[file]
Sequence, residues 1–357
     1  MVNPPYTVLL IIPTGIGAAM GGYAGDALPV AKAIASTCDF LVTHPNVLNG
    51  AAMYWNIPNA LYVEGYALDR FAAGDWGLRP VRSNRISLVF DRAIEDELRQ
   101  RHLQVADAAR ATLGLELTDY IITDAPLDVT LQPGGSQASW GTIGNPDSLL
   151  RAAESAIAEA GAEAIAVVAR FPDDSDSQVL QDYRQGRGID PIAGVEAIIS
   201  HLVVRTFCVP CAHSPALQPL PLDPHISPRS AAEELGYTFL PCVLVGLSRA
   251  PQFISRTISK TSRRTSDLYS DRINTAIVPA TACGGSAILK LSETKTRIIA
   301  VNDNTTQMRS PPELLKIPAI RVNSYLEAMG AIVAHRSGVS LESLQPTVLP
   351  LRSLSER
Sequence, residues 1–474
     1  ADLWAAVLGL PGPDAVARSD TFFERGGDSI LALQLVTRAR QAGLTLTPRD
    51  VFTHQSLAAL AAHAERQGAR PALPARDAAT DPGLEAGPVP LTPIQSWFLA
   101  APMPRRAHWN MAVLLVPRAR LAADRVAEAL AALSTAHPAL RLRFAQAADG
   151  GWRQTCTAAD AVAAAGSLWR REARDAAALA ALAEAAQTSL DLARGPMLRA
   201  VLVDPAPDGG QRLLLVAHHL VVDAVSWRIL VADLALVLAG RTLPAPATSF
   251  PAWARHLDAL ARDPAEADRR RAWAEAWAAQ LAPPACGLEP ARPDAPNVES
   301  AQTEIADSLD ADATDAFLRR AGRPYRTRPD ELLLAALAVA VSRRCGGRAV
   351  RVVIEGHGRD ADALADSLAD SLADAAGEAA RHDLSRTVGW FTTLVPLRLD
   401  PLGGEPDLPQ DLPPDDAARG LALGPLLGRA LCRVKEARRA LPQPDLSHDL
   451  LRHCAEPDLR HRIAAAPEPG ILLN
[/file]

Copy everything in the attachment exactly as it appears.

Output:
Sequence, residues 1–357
     1  MVNPPYTVLL IIPTGIGAAM GGYAGDALPV AKAIASTCDF LVTHPNVLNG
    51  AAMYWNIPNA LYVEGYALDR FAAGDWGLRP VRSNRISLVF DRAIEDELRQ
   101  RHLQVADAAR ATLGLELTDY IITDAPLDVT LQPGGSQASW GTIGNPDSLL
   151  RAAESAIAEA GAEAIAVVAR FPDDSDSQVL QDYRQGRGID PIAGVEAIIS
   201  HLVVRTFCVP CAHSPALQPL PLDPHISPRS AAEELGYTFL PCVLVGLSRA
   251  PQFISRTISK TSRRTSDLYS DRINTAIVPA TACGGSAILK LSETKTRIIA
   301  VNDNTTQMRS PPELLKIPAI RVNSYLEAMG AIVAHRSGVS LESLQPTVLP
   351  LRSLSER
Sequence, residues 1–474
     1  ADLWAAVLGL PGPDAVARSD TFFERGGDSI LALQLVTRAR QAGLTLTPRD
    51  VFTHQSLAAL AAHAERQGAR PALPARDAAT DPGLEAGPVP LTPIQSWFLA
   101  APMPRRAHWN MAVLLVPRAR LAADRVAEAL AALSTAHPAL RLRFAQAADG
   151  GWRQTCTAAD AVAAAGSLWR REARDAAALA ALAEAAQTSL DLARGPMLRA
   201  VLVDPAPDGG QRLLLVAHHL VVDAVSWRIL VADLALVLAG RTLPAPATSF
   251  PAWARHLDAL ARDPAEADRR RAWAEAWAAQ LAPPACGLEP ARPDAPNVES
   301  AQTEIADSLD ADATDAFLRR AGRPYRTRPD ELLLAALAVA VSRRCGGRAV
   351  RVVIEGHGRD ADALADSLAD SLADAAGEAA RHDLSRTVGW FTTLVPLRLD
   401  PLGGEPDLPQ DLPPDDAARG LALGPLLGRA LCRVKEARRA LPQPDLSHDL
   451  LRHCAEPDLR HRIAAAPEPG ILLN